Key local and developmental issues in Galway and the west of Ireland are being tackled in a new EU project involving University of Galway.
The project, IN SITU – Place-based innovation of cultural and creative industries in non-urban areas, will run over four years.
Public input is being sought to increase the capacity of cultural and creative industries to act as drivers of innovation, competitiveness, and sustainability in their local region.
Dr Pat Collins, University of Galway, the project’s Principal Investigator said, “At the core of this project is a recognition that culture and creativity exist everywhere […]
“What we are looking at here is how we can use culture and creativity as a legitimate developmental tool for places like the west of Ireland”.
University of Galway is recruiting publicly engaged researchers for the project. The intention is to commence interesting conversations about key local development issues facing Galway and the west and highlighting the past and future roles of culture and creativity in addressing placemaking.
“Beyond the research aspect, there is an important practical element to this project. We will be inviting members of the public and local creatives to join with us in looking at how culture can help us address some key issues at the local level in the west of Ireland”.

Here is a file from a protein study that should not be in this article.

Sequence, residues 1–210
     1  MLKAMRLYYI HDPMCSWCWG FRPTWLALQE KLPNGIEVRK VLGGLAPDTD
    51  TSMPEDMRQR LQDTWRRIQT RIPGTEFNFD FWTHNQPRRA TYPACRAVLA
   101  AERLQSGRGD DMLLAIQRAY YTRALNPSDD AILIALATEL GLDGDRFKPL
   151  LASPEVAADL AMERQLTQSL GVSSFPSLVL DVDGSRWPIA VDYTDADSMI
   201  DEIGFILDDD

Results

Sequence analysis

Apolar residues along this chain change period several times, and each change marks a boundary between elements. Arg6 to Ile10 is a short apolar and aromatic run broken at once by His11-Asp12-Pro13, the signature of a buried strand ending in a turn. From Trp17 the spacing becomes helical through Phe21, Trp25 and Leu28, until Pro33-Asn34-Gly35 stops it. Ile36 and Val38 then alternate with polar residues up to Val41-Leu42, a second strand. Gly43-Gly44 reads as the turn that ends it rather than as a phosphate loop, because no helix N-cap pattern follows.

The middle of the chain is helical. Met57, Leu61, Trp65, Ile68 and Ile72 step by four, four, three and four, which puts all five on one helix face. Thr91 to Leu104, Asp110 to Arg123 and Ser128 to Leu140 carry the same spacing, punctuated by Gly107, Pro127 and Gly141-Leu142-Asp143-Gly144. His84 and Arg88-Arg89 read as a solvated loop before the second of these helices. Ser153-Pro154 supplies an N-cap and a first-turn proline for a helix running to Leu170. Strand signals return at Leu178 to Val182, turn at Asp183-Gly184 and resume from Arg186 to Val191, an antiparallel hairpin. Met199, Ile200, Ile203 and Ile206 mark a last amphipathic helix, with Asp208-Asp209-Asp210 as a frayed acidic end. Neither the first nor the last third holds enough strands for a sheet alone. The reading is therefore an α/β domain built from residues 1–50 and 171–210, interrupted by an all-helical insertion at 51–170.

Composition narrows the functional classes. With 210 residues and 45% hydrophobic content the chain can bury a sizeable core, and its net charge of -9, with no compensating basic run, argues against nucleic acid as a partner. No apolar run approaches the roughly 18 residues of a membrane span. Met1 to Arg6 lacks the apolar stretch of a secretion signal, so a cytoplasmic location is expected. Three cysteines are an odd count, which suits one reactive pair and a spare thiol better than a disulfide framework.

Last summer UrbanLab teamed up with the Galway International Arts Festival to bring Luke Jerram’s Mars exhibition to Persse’s Plaza on Nuns’ Island to inspire the people of Galway to consider new uses for the old distillery.
The IN SITU consortium spans 13 institutional partners in 12 countries and is accompanied by a number of partners in Europe and further afield.
The project interlinks research and practice through place-based hubs for networking, capacity building, and monitoring case studies in six regions across Europe, in Ireland, Portugal, Iceland, Finland, Latvia, and Croatia.
The project has been granted four million euro in funding from the European Commission under the Horizon Europe programme. It is being coordinated by the Centre for Social Studies at the University of Coimbra in Portugal.